Using a Bow and Spindle to Create Fire from Friction
In terms of starting a fire, no method is more primal and difficulty than friction. If you ever find yourself stranded on a desert island with no tools or equipment, this is more or less the only way you could ever hope to get a fire started.
It takes a lot of time to master the technique and a lot of patience to create those first flames, but it can be a very rewarding skill to learn. In this article, we’ll go over the theory, tools and technique you’ll need to know if you want to successfully start a fire by friction.
The Science Behind Friction Fire
In order to be able to do something, it often helps to understand the science behind it. Try to imagine sliding down a rope or pole. If you’ve ever done this before, you’ll surely know that it makes your hands get incredibly hot and can even burn them if you go for too long.
That heat is caused by friction. Now if you could generate a large amount of that friction in a very small area, the resulting heat could be enough to start a fire. That’s the idea behind fire by friction, and it works very well.
One of the big advantages of this type of fire is that you really don’t need a lot of equipment to get it started. That’s why this technique is such a valuable survival skill and can actually save lives. All you’ll need to get started is a few pieces of wood and a bit of rope.
One of the pieces of wood lies on the ground and is called the hearth board. The second is a long, thin stick known as the spindle, because you’ll be spinning it to generate friction on the board. There’s also the bow, which is a bendy piece of wood that will have the rope attached to it. Finally, there’s a little piece of wood that goes on top called the socket.
Finding the Right Pieces of Wood
Perhaps the toughest part of this whole process isn’t making the fire itself, but choosing the right tools for the job. Without the right types of wood, you can try for hours without producing the faintest spark. The ideal material for the hearth board is a soft wood like catalpa, willow or cedar.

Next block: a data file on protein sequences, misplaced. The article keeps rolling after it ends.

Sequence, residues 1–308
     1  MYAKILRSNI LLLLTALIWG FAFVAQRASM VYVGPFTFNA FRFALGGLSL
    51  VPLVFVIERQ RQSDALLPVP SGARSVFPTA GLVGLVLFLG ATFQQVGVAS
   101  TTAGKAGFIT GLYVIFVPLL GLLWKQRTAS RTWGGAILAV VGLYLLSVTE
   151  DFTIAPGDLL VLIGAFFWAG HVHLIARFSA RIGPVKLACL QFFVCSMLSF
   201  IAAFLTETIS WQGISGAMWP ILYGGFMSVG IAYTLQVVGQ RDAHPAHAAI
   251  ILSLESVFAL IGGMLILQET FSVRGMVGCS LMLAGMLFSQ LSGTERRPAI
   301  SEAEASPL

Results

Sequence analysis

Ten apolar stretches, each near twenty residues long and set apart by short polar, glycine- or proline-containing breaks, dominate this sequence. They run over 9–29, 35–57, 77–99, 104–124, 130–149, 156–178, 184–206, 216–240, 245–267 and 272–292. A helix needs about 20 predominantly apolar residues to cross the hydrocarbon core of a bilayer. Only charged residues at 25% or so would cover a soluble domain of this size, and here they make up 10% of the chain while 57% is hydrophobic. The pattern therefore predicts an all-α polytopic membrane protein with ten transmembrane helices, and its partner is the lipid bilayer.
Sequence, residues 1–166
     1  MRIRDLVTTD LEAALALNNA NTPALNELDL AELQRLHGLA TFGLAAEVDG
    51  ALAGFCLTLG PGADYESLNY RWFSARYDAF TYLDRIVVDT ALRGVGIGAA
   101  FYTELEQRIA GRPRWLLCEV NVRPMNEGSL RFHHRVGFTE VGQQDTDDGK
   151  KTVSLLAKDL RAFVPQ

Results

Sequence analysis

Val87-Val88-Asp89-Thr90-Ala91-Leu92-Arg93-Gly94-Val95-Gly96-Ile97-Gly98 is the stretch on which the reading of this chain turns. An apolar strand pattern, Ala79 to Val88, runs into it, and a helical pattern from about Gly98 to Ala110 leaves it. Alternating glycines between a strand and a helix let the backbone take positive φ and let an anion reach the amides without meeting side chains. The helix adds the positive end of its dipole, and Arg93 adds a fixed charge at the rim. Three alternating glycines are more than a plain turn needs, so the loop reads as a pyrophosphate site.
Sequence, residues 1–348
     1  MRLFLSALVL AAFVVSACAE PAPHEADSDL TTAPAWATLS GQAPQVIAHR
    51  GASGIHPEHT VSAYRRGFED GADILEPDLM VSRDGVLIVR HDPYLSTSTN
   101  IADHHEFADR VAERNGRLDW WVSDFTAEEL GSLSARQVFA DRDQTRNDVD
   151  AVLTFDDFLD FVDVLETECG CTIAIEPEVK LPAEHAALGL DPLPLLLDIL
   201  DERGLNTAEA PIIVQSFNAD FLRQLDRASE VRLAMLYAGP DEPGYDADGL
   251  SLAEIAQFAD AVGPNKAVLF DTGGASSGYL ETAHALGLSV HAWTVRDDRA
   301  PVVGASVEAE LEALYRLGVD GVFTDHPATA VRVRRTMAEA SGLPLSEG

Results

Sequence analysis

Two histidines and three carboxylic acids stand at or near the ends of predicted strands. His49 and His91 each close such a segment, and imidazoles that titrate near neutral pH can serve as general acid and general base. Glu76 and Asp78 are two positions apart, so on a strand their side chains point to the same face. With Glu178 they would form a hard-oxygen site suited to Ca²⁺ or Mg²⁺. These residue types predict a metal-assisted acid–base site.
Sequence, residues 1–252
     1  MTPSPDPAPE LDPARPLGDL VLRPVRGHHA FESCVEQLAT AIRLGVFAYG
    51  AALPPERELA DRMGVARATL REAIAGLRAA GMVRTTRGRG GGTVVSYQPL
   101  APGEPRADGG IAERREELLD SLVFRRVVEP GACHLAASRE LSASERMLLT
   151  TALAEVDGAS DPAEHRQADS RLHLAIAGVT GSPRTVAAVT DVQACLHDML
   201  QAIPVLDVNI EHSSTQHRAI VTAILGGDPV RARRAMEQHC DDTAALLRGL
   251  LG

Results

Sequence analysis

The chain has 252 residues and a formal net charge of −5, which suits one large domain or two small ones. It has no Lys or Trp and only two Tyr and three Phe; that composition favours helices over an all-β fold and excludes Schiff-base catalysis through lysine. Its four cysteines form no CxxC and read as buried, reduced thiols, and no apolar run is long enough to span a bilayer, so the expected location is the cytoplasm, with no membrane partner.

The spindle, meanwhile, can be made of horsetail, fir, cedar, or something similar. It needs to have the right measurements too: about 10 inches in length and 1 inch in diameter. The bow needs to be soft and flexible, willow is a good type to use. Finally, the socket should be hard like oak or elm.
Once you’ve got your equipment ready, it’s time to get started on making this fire. The first step is to add some lubricant to the top end of the spindle. You can use grease, oil, or whatever else you want.
You can even rub it over your face or body to soak up the natural oils of your skin, if you have no other option. The idea is that the top of the spindle should be greased up, because you only want the friction to occur at the bottom.
Next, you’ll need to set up your various pieces of wood. The hearth board should be flat on the ground, held in place by one of your feet. You then need to take your bow and twist the rope around the spindle just once, placing the spindle vertically onto the board, near one of the edges.
With one hand, you need to hold onto the bow, while using the other to push the socket down onto the top of the spindle, keeping everything held in place. The idea is to have your arms and legs be as comfortable as possible, as you may have to spend a lot of time in this position.
Making Your Notches and Creating Friction
Once you’re ready to get going, you can start making your first indentation in the hearth board. Remember to keep the spindle near the edge of the board. Start rotating it, using the bow, slowly at first until you begin to forge a small hole in the wood. Eventually, the hole should become quite deep.
At this point, you should stop and use a knife to cut a little notch through the center of the hole, all the way down to the bottom of the board. This way, the little bits of dust—known as punk—that you create will fall out of the bottom, where they can collect on a leaf and eventually catch fire.
Now, you can go back to rotating the spindle and continue until the fire is made. Our tip is to keep things slow and steady. Don’t go too fast or apply too much pressure with the socket. Check the base of the board to ensure that the punk is falling out onto your leaf.
When you start to see a good amount of smoke being produced, stop and check the punk. If the smoke continues, that’s a good sign. Collect the leaf and gently blow on it to keep the spark alive while you transfer it over to your nest of tinder. Keep blowing and eventually the whole thing should catch fire. If you get to this point, congratulations! You’ve succeeded at making fire from friction.